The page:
Phase diagram and anomalous transport in the cuprate high-temperature superconductors. Heuristic phase diagram as a function of holes doped into the copper-oxide plane. The pseudogap and strange metal are characterized by a depletion of the density of states and a T-linear resistivity, respectively. The pseudogap terminates at a zero-temperature critical point or quantum critical point (QCP). To the right is a Fermi liquid (conventional theory of metals) where weak-coupling accounts become valid. We currently have no theory of superconductivity in a state of matter that is a non-Fermi liquid. Even the most recent constructions of superconductivity using tools from string theory that are designed to get at strong correlations in quantum systems yield superconductivity [2] only from the Fermi liquid state. This is truly unfortunate and points to how rudimentary our understanding of superconductivity really is.

The phenomena surrounding the pseudogap in the cuprates used to be fairly simple. In zero magnetic field, lightly doped cuprates possess an incomplete Fermi surface, termed a Fermi arc, in the normal state. That is, the Fermi surface which is present in the overdoped, more conventional Fermi liquid regime is destroyed on underdoping leaving behind only a Fermi arc.

In actuality, the situation is much worse. That the Fermi arc does not represent a collection of well-defined quasiparticle excitations has been clarified by Kanigel, et al. [3] who showed that in Bi_2Sr_2CaCu_2O_{8-\delta}, the length of the Fermi arc shrinks to zero as T/T^* tends to zero. Consequently, the only remnant of the arc at T=0 is a quasiparticle in the vicinity of (\pi/2,\pi/2) and hence the consistency with nodal metal phenomenology.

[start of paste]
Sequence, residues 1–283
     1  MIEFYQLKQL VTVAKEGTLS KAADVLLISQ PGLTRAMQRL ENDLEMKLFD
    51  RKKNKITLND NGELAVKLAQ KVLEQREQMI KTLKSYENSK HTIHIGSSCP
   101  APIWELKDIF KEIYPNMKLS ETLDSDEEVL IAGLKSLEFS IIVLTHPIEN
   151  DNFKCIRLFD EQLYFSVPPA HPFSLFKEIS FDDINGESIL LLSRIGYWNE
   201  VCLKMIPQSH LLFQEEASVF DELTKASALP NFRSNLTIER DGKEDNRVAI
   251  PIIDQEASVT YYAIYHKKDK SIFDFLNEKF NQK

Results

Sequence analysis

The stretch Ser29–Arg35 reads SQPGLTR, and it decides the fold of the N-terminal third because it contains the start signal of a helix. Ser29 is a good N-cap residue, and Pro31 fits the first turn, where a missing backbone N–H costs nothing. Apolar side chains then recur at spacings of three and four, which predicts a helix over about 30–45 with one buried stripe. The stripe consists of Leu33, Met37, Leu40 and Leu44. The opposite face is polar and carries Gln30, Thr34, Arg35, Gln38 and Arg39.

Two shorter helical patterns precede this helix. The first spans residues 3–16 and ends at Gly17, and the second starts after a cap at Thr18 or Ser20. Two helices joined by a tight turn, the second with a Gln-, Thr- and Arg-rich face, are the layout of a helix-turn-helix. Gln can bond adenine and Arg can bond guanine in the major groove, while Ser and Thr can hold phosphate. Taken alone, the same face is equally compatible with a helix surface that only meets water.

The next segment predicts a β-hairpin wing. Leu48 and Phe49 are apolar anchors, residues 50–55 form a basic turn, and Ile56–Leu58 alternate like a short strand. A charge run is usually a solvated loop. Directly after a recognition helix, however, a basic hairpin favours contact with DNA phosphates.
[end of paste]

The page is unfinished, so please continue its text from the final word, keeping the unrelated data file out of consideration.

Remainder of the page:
Recently, however, new ingredients have been added to the pseudogap story in the underdoped regime which, on the surface, are difficult to reconcile with Fermi arcs. At high magnetic fields, quantum oscillations, indicative of a closed 2 Fermi surface, have been observed [4] in Y123 and Tl-2201 through measurements of the Hall resistivity, Shubnikovde Haas effect, and the magnetization in a de Haas-van Alphen experiment. Also attracting much attention is the recent experimental evidence for nematic order [5, 6] ( a state with broken translational symmetry but still possessing translational symmetry) at the onset of the pseudogap onset temperature, T^\ast.

The paper by He, et al. [1] reports a series of measurements (as others have previously [7]) which point to the pseudogap regime being driven by a phase transition. The most puzzling of these experiments is the Kerr effect which requires the breaking of time-reversal symmetry. The authors claim, however, that the magnitude of this effect is too small for it to be the dominant cause of the pseudogap. If this is so, then perhaps the order which is seen is really an epiphenomenon having no causal connection to the pseudogap. What then of the transport anisotropies which have been attributed to nematic order?